Social media, and news platforms were often criticized for their fixation on Donald Trump. Below you can see the data from The Atlantic, where they track the data of media coverage for the candidates.

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(I only included data from Clinton and Trump, however the full article has the data from all the 2016 candidates).

So was the entertaining tweets and media coverage enough to win the election?

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While I admit I am slightly biased because I am not a Trump supporter; looking at the list above I don’t see how Trump necessarily did any of these things besides transmit passion.

In an interview between journalism Anderson Cooper and comedian Seth Meyers, Cooper explains how Trump has “defied all the laws of political gravity:”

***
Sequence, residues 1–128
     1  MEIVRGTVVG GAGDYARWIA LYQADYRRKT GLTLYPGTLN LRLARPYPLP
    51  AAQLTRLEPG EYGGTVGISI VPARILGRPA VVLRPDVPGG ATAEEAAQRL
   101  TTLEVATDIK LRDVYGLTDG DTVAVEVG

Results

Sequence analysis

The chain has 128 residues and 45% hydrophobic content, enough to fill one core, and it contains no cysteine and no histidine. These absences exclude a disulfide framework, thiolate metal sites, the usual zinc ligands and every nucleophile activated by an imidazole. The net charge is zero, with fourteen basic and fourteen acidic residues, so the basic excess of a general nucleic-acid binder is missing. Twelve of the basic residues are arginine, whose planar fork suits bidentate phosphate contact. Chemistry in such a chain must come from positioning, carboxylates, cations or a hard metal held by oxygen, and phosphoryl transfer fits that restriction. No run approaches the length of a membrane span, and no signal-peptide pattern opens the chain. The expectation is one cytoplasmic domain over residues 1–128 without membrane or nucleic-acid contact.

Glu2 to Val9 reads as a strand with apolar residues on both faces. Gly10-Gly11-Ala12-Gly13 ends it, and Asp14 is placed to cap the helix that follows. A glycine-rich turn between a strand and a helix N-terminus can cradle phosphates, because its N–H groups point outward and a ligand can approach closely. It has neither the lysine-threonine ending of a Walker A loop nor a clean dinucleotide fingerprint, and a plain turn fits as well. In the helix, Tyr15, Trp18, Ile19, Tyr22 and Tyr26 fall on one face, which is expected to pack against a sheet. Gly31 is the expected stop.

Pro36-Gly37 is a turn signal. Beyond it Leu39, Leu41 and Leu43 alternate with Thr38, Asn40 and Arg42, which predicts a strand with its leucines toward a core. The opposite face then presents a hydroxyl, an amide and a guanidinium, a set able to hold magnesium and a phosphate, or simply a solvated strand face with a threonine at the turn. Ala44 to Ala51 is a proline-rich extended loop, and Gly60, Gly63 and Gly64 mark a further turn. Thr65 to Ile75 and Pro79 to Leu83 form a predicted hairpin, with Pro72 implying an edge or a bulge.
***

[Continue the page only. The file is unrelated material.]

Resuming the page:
Although many people were not openly Trump supporters, he had everything on his side. As Cooper explains, he had the money, the charismatic behavior, and the attention to be the favorable political candidate.

Hillary on the other hand was seen as cold, bossy, and bitchy for lack of a better word. Not only did she not have the favorable personality traits, she also lacked entertaining tweets and less political coverage.

Trump was made a spectacle of by the American news media and American citizens.

The New York Times made an article of of “The 425 People, Places and Things Donald Trump Has Insulted on Twitter: A Complete List.”

This is definitely an eye-opening article as it shows just how many negative critiques Donald Trump has said about practically anything he could talk about. But it also shows you the amount of attention Trump received during the election.

This article shows a lot of things, but one thing it indicates is that a New York Times journalist, which is a prestigious news outlet, had to go through Trump’s tweets, organize them, and file them to make this article. That couldn’t have taken long.